A Answers (5)
Mehmet Oz, MD, Cardiology, answeredFermented foods have been cultivated for centuries for their ability to clear out toxins, aid fat loss and boost your immune system. Dr. Oz explains how to get these superfoods into your diet!
Heidi Skolnik, Sports Medicine, answeredFermented foods provide the body with probiotics, which helps keep our gut healthy and ensures optimal health by working in several ways. In this video, nutrition specialist Heidi Skolnik explains the healthy benefits of eating fermented foods.
Tim Ferriss, Fitness, answeredIn the diets of near-disease-free indigenous communities around the globe it has been found that the one common element was fermented foods, which were consumed daily. Cultural mainstays varied but included cheese, Japanese natto, kefir, kimchi (also spelled "kimchee"), sauerkraut, and fermented fish. Unsweetened plain yogurt and fermented kombucha tea are two additional choices. Fermented foods contain high levels of healthy bacteria and should be viewed as a mandatory piece of your dietary puzzle. I consume five forkfuls of sauerkraut each morning before breakfast and also add kimchi to almost all home-cooked meals.
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Elizabeth Boham, MD, MS, RD, Functional Medicine, answeredFermented foods like sauerkraut, kimchi, yogurt and kefir naturally have good bacteria in them, and eating them fights yeast overgrowth in the body. Watch functional medicine expert Elizabeth Boham, MD, explain the health benefits of fermented foods.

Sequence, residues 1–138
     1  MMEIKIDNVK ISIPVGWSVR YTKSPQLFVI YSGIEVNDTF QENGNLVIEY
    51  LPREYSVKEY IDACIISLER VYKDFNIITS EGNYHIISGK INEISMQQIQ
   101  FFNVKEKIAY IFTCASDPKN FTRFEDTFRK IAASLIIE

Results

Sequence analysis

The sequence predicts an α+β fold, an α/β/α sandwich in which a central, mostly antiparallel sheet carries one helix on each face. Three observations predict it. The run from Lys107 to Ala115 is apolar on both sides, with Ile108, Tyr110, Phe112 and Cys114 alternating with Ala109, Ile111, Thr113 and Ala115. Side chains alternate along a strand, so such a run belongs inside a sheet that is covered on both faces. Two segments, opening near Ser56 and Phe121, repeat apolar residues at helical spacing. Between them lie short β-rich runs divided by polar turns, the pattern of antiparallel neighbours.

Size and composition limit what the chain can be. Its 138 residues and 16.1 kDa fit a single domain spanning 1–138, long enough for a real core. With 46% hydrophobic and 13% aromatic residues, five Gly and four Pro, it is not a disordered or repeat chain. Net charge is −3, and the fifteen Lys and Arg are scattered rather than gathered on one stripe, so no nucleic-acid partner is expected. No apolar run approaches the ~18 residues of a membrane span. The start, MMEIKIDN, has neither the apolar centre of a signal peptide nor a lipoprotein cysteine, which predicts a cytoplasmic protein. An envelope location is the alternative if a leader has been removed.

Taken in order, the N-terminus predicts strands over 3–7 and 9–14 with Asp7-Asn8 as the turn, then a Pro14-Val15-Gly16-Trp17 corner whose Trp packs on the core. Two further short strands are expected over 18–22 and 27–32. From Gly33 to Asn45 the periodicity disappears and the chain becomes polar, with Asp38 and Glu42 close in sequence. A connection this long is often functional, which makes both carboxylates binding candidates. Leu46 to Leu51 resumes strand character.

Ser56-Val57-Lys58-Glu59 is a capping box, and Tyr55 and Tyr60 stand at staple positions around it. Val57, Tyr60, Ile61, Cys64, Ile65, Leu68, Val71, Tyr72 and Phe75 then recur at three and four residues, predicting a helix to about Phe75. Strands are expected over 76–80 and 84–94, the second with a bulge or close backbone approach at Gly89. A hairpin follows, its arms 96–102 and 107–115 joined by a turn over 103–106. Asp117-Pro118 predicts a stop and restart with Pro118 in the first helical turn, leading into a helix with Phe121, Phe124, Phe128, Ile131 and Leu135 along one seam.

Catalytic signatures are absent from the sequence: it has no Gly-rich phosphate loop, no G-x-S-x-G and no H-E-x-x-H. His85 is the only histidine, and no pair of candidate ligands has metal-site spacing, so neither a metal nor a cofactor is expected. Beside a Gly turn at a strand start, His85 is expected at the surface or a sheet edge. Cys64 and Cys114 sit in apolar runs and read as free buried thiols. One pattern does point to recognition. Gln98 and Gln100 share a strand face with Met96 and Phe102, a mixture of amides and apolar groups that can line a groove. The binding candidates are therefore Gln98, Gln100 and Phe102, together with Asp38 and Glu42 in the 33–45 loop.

Margaret Floyd, Nutrition & Dietetics, answeredFermentation, an age-old technique used to preserve food, has a long and rich history in the human diet. From the vast variety of cultured dairy products (cheeses, yogurts, sour cream, buttermilk, kefir), to fermented fruit and vegetables (pickles, sauerkrauts), to alcohols and breads, fermentation, souring, and culturing are a fundamental part of our food preparation and preservation strategies.
When a food is fermented, microorganisms transform sugars into alcohols (grapes into wine) or lactic acids (when milk becomes cheese or cabbage becomes sauerkraut), which prevents spoilage. In the case of dairy, fermentation can increase its digestibility to the point that those who are lactose intolerant or even allergic to the proteins in milk can tolerate it. This is because most of the lactose and casein have been broken down already through the fermentation process.
As with sprouting, fermentation increases the nutritional profile of the food, adding vitamin content and beneficial bacteria that are crucial to maintaining a healthy digestive tract and immune system. The process also neutralizes any potent antinutrients present in a food. The best example of this is soy, which is loaded with antinutrients and highly indigestible until it has been fermented. Even soaking and sprouting aren't enough for soy. I've noted this already several times, but it's worth repeating -- avoid all soy unless it has been fermented into tempeh, miso, tamari, or natto, a traditional Japanese dish you'll find in some Japanese restaurants.
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